Rwanda President Paul Kagame has rallied African leaders to grab the available opportunities including integration to spur economic development, medical http://cfsk.org/wp-content/plugins/jetpack/modules/shortcodes/recipe.php adding there is no more time to waste.
“If we increase intra-Africa trade we would solve so many problems like reversing the process where our resources go abroad and we buy products at a high price, more about ” said Kagame.
“Integration and trading with each other would ensure that we add value to our resources and avoid this trend,” he emphasised.
President Kagame was Monday delivering a Keynote Address at The Global Africa Investment Summit, TGAIS, which is taking place in Rwanda, the first time the Summit is taking place in Africa.
The Summit brings together high ranking government officials and business leaders from around the world.
Present at the Summit also was Ugandan leader, Yoweri Museveni.
Kagame urged Africans against taking time to put words into action, saying good momentum and tangible results will do more to increase support for integration than any amount of closed-door negotiation among technical experts.
“Africa cannot just remain a story, about huge potential that never materialises. Something has to give. Postponing our priorities, and delaying our commitments are the most expensive mistakes that Africa can make,” said Kagame.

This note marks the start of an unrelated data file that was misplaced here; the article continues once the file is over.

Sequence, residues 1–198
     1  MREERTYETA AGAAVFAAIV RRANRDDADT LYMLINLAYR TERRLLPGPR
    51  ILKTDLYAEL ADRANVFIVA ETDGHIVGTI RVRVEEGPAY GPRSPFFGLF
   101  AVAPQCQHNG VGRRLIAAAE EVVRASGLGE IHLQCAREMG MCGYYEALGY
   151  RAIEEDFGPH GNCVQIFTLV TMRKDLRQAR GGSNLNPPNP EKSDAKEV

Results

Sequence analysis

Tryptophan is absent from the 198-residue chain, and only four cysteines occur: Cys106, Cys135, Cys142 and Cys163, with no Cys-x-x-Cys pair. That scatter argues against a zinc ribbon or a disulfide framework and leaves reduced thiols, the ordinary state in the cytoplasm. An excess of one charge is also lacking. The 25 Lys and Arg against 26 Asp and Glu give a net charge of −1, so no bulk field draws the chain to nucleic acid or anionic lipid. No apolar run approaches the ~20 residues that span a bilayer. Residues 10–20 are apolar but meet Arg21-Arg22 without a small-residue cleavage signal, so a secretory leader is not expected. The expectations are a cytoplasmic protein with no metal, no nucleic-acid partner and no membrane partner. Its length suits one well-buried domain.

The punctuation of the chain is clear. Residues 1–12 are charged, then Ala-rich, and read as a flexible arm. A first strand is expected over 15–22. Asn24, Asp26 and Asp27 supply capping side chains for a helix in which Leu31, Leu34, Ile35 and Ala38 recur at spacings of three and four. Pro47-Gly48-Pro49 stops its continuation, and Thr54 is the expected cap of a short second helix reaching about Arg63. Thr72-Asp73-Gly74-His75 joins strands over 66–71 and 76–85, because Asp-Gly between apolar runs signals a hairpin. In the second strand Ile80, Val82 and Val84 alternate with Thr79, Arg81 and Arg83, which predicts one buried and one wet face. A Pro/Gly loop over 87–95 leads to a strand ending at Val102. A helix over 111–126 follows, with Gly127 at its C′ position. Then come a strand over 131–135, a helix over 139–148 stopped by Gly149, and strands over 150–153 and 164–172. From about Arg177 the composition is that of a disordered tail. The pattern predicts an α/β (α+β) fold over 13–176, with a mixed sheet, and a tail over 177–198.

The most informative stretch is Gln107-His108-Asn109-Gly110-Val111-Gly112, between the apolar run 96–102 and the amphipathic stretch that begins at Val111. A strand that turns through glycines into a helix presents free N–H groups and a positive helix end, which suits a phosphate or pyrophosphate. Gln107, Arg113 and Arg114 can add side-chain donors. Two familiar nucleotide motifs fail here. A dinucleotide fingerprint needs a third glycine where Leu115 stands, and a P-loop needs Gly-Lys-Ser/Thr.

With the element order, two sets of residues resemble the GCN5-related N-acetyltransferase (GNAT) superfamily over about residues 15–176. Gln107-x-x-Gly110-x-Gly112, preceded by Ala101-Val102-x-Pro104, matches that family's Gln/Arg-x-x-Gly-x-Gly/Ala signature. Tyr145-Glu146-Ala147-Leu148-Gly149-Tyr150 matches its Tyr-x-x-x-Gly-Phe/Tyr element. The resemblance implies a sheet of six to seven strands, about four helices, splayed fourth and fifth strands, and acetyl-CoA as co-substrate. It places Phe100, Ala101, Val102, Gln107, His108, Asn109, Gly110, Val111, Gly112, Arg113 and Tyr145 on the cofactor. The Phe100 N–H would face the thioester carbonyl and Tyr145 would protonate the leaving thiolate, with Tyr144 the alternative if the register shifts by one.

By fostering regional integration, Asia was able to create regional value chains and thus become more efficient.
This in turn enabled the region to become a key player in global value chains, which today increasingly characterize world trade (close to 30 percent of world trade is undertaken through cross border value chains, which is also the average for developing Asia).
Yet, Africa’s history of trade integration is fraught with difficulties and setbacks. Despite numerous commitments to create integration zones, the continent continues to register the lowest percentage of trade within the region worldwide – a mere 12 percent cent of total exports take place within Africa, compared with 25 percent in ASEAN and over 60 percent in the European Union (WEF-2013 statistics).
This is largely a result of a mix of trade policies that have been heavily focused on gaining access to developed economies and regional integration efforts that were not fully implemented.
Kagame said, “There is nothing we are waiting for, and nothing we lack. Let’s work together across sectors and borders, with the right mindset of urgency, and build the Africa we want.”
He said Africa does not need to dwell too much on reminders that investment and good governance are critically important, and that integration is profoundly in Africa’s interest.
“We know it, we believe in it. What remains is just to be doing what is necessary to make it reality,” he assured.
President Museveni said Africans have had lots of lost opportunities but that now was the time for them to take integration of small markets seriously.